Skip to content

    Diabetes Health Center

    Font Size
    A
    A
    A

    Obesity Paradox: Thin Not in for Type 2 Diabetes?

    Normal Weight in People Diagnosed With Type 2 Diabetes Tied to Higher Risk of Early Death

    Body Size and Death Risk

    For the study, researchers pooled data from five different studies of heart disease. During the course of those studies, 2,600 adults over age 40 were diagnosed with diabetes. A total of 293 people (11.2%) had normal weight based on body mass indexes (BMIs) at the time of their diagnosis.

    Even after accounting for health risks, like smoking, high bad cholesterol, waist size, and high blood pressure, people who had normal BMIs were about twice as likely to die during the studies compared to people who were overweight or obese.

    The study wasn't able to tease out what it was about normal-weight people with diabetes that might have made them less healthy than those who were overweight or obese, but researchers have some theories.

    Body Composition, Fat Distribution May Trump Body Size in Diabetes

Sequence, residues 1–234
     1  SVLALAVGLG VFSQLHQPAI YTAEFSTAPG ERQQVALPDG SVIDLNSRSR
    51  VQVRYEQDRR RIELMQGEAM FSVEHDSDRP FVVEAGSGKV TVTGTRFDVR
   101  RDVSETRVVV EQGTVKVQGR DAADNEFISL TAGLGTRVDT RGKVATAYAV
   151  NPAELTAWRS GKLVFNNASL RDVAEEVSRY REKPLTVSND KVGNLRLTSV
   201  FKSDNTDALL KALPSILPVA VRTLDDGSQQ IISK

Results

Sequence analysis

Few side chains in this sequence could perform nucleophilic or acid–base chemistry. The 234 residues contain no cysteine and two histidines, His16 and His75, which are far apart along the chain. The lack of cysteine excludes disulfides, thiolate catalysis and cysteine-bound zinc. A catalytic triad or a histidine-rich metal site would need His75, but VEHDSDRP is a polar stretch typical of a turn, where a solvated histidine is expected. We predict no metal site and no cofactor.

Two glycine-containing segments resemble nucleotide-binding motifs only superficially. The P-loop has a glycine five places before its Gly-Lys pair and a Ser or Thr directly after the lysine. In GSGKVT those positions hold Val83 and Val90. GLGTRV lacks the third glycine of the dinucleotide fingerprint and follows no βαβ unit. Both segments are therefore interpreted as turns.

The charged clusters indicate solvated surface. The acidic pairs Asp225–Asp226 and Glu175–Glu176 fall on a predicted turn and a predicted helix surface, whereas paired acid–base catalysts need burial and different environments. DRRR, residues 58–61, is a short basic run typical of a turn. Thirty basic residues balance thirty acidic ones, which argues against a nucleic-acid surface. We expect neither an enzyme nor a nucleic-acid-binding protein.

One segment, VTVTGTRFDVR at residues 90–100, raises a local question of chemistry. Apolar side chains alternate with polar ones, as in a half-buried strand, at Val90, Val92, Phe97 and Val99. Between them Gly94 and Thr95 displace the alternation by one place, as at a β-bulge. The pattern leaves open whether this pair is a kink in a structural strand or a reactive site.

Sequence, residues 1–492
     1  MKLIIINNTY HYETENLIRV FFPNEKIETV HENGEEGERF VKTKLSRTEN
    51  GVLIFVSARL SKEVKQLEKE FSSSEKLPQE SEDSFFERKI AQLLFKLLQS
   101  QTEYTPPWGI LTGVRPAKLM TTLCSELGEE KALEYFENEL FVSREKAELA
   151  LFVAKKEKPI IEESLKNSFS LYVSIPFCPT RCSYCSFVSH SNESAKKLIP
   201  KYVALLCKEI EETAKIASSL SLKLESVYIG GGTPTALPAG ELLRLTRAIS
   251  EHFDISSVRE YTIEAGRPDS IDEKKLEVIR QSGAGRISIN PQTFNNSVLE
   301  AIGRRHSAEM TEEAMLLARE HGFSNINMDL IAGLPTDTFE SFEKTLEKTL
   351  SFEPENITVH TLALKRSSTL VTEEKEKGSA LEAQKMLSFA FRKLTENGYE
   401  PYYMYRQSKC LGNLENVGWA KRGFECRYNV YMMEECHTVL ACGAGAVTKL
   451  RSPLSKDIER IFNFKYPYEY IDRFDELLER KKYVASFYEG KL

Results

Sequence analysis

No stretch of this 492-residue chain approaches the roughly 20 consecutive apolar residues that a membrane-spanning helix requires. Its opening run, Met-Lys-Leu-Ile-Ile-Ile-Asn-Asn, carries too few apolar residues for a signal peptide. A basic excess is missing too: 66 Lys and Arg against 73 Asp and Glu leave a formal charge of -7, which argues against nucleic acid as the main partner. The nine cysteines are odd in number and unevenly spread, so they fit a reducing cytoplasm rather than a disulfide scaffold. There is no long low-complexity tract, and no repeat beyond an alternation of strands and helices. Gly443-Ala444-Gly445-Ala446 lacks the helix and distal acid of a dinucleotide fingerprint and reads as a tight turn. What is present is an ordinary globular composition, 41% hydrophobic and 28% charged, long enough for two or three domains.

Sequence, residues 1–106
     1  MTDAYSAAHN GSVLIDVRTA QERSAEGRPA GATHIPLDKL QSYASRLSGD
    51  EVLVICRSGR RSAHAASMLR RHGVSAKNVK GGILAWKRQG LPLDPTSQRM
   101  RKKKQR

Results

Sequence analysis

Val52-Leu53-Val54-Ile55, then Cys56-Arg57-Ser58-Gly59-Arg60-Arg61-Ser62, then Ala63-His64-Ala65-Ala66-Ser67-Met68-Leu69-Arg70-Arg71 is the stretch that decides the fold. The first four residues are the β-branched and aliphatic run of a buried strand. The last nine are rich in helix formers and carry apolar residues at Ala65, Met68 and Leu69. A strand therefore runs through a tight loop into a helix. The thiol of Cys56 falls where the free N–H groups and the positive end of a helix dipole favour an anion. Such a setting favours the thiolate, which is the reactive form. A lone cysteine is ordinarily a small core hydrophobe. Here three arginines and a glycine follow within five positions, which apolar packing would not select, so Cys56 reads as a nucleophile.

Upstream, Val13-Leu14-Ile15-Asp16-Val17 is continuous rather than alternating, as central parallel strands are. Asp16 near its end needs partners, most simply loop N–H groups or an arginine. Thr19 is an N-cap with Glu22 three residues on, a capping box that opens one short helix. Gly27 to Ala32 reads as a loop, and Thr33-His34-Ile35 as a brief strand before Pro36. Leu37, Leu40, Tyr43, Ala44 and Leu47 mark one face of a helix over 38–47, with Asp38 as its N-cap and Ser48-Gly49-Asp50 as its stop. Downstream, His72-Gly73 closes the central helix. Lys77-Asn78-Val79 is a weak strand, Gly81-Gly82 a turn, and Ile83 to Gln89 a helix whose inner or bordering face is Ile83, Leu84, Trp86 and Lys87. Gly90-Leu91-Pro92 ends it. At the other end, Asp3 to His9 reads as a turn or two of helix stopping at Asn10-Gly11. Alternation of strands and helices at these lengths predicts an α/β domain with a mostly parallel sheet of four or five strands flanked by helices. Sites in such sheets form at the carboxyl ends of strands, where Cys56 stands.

One is body composition -- the ratio of fat to muscle. Muscle is critical to controlling blood sugar because it is metabolically active, uses insulin, and burns sugars and calories.

    "The muscle-versus-fat ratio is extremely important for diabetes development as well as health outcomes related to diabetes," Carnethon says.

    Studies show that it's becoming more common for normal-weight people to carry less muscle and more body fat.

    Doctors have even coined a term for this: TOFI, or thin outside, fat inside. It's especially common in older adults who naturally lose muscle and bone with age.

    "It could well be that these people do have an adverse body fat distribution. They haven't measured it in this study, so you can't be 100% sure, but it would fit into the general idea that these people have an adverse fat distribution. There could be more on the inside," says E. Louise Thomas, PhD, a research scientist at University College London. Thomas studies body fat and metabolism, but she was not involved in the research.

    "What may be very significant is not just the actual weight, but what's in that weight. What's the ratio between muscle and fat and where is that fat stored?" says Rifka C. Schulman, MD, an endocrinologist at Long Island Jewish Medical Center in New Hyde Park, N.Y.

    Today on WebMD

    Diabetic tools
    Symptoms, diagnosis, treatment, and more.
    woman flexing muscles
    10 strength training exercises.
     
    Blood sugar test
    12 practical tips.
    Tom Hanks
    Stars living with type 1 or type 2.
     
    kenneth fujioka, md
    Video
    Can Vinegar Treat Diabetes
    Article
     
    Middle aged person
    Tool
    jennie brand miller
    Video
     

    Prediabetes How to Prevent Type 2 Diabetes
    Article
    type 2 diabetes
    Slideshow
     
    food fitness planner
    Tool
    feet
    Slideshow